Prevention Magazine and Food Marketing Institute Reveal 19th Annual “Shopping for Health” Survey Results | Business Wire

NEW YORK–(BUSINESS WIRE)–A shift in thinking is happening in supermarket aisles across the

country according to Shopping for Health 2011, the 19th

in a yearly study released today by the Food Marketing Institute (FMI)

and Prevention. Published by Rodale Inc. What used to matter

most to shoppers is which undesirable characteristics their foods were

devoid of: fat, sugar, salt, calories, etc. Now, fortification and the

inclusion of key health ingredients are on the rise, with fiber (44%)

being the most sough-after component. Whole grain (36%), protein (27%),

Omega-3 (23%) and antioxidants (16%) follow.

“While the main criteria for healthy foods was previously determined by

ingredients it didn't contain, today’s shoppers are now instead

wondering what’s in their food, seeking to better understand the

nutritional components of what they eat,” says the Director of Consumer

Insights for Prevention, Cary Silvers.

About half of shoppers have bought cranberry juice, dark chocolate.

almonds in the past year, probably because there have been marketing

campaigns and news coverage touting the health benefits of these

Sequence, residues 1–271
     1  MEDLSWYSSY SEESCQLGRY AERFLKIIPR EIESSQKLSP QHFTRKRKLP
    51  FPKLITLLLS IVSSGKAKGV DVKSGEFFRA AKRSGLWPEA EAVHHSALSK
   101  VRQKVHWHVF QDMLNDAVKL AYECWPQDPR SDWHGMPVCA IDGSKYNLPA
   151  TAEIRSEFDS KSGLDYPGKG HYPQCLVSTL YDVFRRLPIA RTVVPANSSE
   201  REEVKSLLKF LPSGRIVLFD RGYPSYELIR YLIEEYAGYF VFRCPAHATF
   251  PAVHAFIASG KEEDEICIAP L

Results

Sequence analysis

so-called “superfoods,” so dubbed because they contain large quantities

of specific nutrients. Shoppers are also purchasing green tea (43%),

pomegranate juice (25%). Greek yogurt (21%).

Certain health claims are also proving to be attractive to customers.

When purchasing food, heart health (73%) is the top health claim on

packaging that matters to consumers. More energy (71%), digestive health

(66%). Improving mind health (65%) follow closely behind.

Despite this attention to healthy foods, lack of planning is trumping

health in the decision-making process at the American dinner table, as

72% of shoppers decide what to have for dinner that day. When same day

decisions for dinner are made, health (52%) falls well behind few taste

(73%), quickness of preparation (60%) and craving (52%). Lack of meal

planning is so pervasive that one-in-four shoppers (24%) decide what to

have for dinner within one hour before eating.

“The annual Shopping for Health survey is an invaluable source of

information for the food industry,”. Says Publisher of Prevention,

Laura Petasnick. “Each year, together with FMI, Prevention is

able to uncover American’s true habits, desires and behaviors from the

supermarket aisles to their nightly dinner routine.”

“Helping food retailers provide their customers with the information

they need to make nutritious choices and develop healthy eating

habits remains a clarion call for FMI,” says Leslie G. Sarasin,

president and chief executive officer for FMI. “As schedules become

busier and awareness of health issues increase, the consumer demand

for healthful options that are quick and easy for families will grow.”

Healthy Eating

  • Shoppers can take many routes to healthy eating, from how they shop to

    how they prepare food to how they eat. Substantial numbers make an

    effort in each of these areas.

    • 44%, use a list when shopping for healthy food most of the time.

    • 54% have tried a new healthy recipe in the past year.

    • Half of shoppers say they don’t actively monitor their calorie

      intake on a daily basis but do make an effort not to consume too

      many calories at a time.

    • About half say they're paying more attention to consuming fewer